Openreach, a BT subsidiary that operates as a separate legal entity, has been the subject of interest stories from infrastructure and private equity investors for years.
However, news of a potential sale comes a week after BT cut billions of dollars in dividends as the telecommunications company pledged to invest £ 12 billion in network upgrades. UK broadband with next generation fiber optic connections.
Potential interested investors could include Australian bank Macquarie, which has been actively involved in the UK telecommunications scene for years, and an unnamed sovereign wealth fund, according to the Financial Times.
However, Reuters reported that a source close to Macquarie said it had shown no interest in Openreach and was not in talks with BT.
Openreach’s regular revenues from millions of broadband customers across Britain and its wholesale agreements with competitors such as Sky and TalkTalk make it a crown jewel for BT and highly valued as a potential target for outside investors.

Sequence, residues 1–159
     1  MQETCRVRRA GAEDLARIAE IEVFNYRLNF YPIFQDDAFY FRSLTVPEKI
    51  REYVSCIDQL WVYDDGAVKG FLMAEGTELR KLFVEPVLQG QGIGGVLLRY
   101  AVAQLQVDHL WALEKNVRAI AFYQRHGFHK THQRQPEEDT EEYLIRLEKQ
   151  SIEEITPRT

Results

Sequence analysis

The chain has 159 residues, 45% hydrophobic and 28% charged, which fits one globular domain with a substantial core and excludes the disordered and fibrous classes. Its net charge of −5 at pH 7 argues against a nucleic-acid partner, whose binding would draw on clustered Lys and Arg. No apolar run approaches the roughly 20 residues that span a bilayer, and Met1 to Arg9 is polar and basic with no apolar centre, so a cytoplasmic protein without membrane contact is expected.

However, the company finds itself in an unprecedented situation, leading to multi-billion dollar cost reductions affecting thousands of employees, while BT’s market value reaches lows never seen since the last financial crisis of 2009.
Offers to sell a potential stake in Openreach value it at £ 20 billion, according to the FT, double the market value of BT. Suddenly, a sale would cover BT’s financial problems, including a large retirement deficit and the enormous costs of nationwide rollout of fiber optic broadband over the next decade.
However, given the national strategic importance of Openreach, it would be a very political and complex decision, likely to require investigations by regulators Ofcom and the Competition and Markets Authority, before any agreement is likely to to materialize.
Public records released Thursday show that Philip Jansen, CEO of BT, bought nearly £ 2 million as a sign of confidence in the telecommunications company. The shares were purchased on Wednesday and there is no evidence that they were acquired with knowledge of a potential Openreach transaction.
Jansen, who made his fortune from his exit from WorldPay before joining BT last year, bought 1.8 million shares for just over £ 1 in a transaction announced on the stock market on Thursday.